Fish Story (2009)

When I think of punk, I think fast, cheap, amateur, messy.  It’s a chaotic genre, usually delivered in short, aggressive bursts of unchecked youthful id.  That’s why I’m a little shocked by how belabored & sluggish the 2009 punk film Fish Story can feel.  A fractured anthology film about how a punk song improbably saves the world from a near-future apocalypse, Fish Story is weirdly patient & calm.  It’s guided by erratic indulgences in horror, action, and sci-fi genre tropes, but they’re all collected in a low-key, overlong journey through time – loosely sketching out the ways an unpopular, largely forgotten punk song can change the world if it falls into the right hands at the right moment.  Its pacing & story structure feel more befitting of a prog rock concept album than a punk-single 45.

In the not-too-distant future of 2012, an aloof record store owner rattles off obscure punk trivia to his few scraggly customers while a giant meteor outside the window threatens to destroy the entire planet in mere hours. His fixation on the obscure punk single “Fish Story” (which plays at least a dozen times throughout the film) turns out to be more relevant to Earth’s impending doom than the record store burnouts could possibly imagine.  The movie splits its time between seemingly unconnected characters in the decades since that single’s recording in 1975.  We meet nerdy record collectors on a sleazy road trip in 1982, a Nostradamus-worshipping death cult awaiting the apocalypse in 1999, a martial-artist “champion of justice” thwarting terrorists in 2009, as well as the band who recorded the song that improbably connects them all (and the post-WWII author who directly inspired its lyrics).  It’s all very sprawling & complicated and in no rush to connect its disparate dots until the very last minute before the meteor is supposed to strike.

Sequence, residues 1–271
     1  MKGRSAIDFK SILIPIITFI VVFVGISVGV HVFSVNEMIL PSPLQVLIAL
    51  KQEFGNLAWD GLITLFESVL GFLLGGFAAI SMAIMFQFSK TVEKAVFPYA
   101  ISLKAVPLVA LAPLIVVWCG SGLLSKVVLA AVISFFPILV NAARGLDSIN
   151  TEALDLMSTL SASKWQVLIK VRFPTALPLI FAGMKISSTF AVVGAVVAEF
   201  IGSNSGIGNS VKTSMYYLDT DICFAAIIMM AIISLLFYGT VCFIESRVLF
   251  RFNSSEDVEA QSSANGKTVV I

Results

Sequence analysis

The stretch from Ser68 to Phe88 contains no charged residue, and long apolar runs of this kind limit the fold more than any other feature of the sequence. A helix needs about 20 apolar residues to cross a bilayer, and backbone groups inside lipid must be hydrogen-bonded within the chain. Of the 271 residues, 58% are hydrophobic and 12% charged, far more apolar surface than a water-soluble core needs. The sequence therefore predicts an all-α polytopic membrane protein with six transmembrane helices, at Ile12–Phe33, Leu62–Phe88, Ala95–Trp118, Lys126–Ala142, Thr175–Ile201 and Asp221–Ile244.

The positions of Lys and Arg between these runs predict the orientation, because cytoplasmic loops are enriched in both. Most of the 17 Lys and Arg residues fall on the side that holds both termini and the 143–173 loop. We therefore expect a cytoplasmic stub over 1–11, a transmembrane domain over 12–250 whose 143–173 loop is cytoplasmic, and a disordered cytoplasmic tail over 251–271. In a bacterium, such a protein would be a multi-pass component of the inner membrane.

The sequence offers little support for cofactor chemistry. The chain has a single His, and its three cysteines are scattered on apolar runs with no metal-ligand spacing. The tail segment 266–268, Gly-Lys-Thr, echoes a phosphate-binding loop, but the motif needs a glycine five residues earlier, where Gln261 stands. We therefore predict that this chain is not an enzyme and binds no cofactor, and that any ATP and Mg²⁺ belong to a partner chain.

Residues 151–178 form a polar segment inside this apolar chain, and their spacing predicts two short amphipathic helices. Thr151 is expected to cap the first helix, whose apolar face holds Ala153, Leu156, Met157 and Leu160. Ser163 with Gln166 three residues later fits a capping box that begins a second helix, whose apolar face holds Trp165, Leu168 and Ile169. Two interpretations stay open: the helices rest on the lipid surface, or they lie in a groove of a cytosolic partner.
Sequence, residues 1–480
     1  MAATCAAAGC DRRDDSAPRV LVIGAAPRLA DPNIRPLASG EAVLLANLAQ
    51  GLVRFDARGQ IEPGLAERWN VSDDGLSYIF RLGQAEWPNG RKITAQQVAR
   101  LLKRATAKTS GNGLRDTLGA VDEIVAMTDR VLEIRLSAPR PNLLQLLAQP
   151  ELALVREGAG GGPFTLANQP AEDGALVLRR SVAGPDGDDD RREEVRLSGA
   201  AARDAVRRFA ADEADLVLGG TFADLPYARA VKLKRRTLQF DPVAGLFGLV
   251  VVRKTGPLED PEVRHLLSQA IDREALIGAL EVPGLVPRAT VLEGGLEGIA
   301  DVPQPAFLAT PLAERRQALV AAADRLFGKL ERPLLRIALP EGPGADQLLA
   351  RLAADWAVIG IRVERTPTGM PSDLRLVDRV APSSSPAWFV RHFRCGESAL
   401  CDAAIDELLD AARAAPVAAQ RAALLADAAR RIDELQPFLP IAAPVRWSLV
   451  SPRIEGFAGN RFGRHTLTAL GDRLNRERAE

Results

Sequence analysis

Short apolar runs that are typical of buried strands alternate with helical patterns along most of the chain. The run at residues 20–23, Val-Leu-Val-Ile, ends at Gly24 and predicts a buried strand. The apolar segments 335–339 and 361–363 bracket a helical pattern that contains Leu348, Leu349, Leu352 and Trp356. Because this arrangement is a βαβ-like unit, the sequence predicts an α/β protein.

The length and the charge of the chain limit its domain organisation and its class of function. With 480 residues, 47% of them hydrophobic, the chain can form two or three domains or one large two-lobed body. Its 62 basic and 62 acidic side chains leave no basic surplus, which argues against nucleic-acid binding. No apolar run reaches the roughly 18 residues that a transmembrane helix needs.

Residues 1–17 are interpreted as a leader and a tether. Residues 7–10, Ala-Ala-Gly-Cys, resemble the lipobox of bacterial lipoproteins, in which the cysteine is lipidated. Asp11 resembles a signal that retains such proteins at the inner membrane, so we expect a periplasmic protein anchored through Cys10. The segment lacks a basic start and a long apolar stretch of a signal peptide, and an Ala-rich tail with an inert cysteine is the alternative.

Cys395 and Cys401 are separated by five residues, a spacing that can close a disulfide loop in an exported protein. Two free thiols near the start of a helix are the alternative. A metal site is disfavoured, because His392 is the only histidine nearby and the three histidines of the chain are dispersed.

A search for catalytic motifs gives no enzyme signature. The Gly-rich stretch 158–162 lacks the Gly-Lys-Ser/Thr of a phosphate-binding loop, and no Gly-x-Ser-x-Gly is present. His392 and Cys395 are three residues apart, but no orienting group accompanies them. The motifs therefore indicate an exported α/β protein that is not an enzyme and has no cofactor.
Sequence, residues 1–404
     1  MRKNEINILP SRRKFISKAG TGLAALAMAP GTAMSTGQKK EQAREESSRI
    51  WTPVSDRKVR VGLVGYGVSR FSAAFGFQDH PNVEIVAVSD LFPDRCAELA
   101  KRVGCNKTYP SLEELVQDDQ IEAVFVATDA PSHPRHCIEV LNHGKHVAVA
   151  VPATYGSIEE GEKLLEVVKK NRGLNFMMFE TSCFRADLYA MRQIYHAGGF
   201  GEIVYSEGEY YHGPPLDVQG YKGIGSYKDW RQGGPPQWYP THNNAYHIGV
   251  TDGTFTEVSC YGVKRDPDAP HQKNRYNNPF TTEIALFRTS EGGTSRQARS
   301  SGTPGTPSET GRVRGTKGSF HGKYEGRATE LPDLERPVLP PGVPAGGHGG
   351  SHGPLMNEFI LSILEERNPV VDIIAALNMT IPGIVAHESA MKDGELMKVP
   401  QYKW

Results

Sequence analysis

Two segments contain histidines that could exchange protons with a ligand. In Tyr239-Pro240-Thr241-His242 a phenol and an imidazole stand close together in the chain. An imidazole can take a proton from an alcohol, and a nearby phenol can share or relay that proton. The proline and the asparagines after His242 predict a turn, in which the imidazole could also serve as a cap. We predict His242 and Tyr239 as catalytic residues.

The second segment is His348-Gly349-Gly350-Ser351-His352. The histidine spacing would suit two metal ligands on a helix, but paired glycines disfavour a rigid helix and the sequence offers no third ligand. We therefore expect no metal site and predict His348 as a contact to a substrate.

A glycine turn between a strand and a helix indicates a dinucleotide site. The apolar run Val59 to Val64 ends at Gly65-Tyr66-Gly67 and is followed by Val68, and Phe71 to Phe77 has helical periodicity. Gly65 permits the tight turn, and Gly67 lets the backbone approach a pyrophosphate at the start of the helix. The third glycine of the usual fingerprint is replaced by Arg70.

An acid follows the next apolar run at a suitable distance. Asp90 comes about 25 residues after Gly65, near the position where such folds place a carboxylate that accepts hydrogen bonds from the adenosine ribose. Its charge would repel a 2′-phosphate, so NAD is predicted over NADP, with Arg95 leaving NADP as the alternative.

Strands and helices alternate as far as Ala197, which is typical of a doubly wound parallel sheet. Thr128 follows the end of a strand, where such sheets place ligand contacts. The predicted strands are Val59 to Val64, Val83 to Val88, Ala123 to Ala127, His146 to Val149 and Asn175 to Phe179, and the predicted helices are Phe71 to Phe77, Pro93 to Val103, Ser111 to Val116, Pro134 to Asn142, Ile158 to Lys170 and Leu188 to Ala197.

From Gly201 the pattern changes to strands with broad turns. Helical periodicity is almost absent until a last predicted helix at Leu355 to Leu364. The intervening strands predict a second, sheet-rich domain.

If I had to guess why Fish Story feels so bogged down by its sprawling narrative, it’s because it’s adapted from a novel.  This feels like the kind of adaptation that chose to keep Everything from its source material rather than thoughtfully translating it to the more expedient, visual qualities of its new medium.  It does admittedly tie all its loose-end timelines together in a satisfying way with an uncharacteristically concise, powerful ending, but that only amounts to about five minutes of relief after two hours of mediocre build-up.  To be honest, the film works best as an advertisement for it source material.  I can totally see how its everything-is-connected story structure and pop-culture-obsessive references to media like Power Rangers, Gundam, Under Siege, and Armageddon would be a blast to read on the page, even as they feel a little too weighed down on the screen. The movie itself is fine, I guess, but I can’t imagine ever watching it again when much punchier Japanese punk films like Wild Zero & We Are Little Zombies are sitting right there.

-Brandon Ledet

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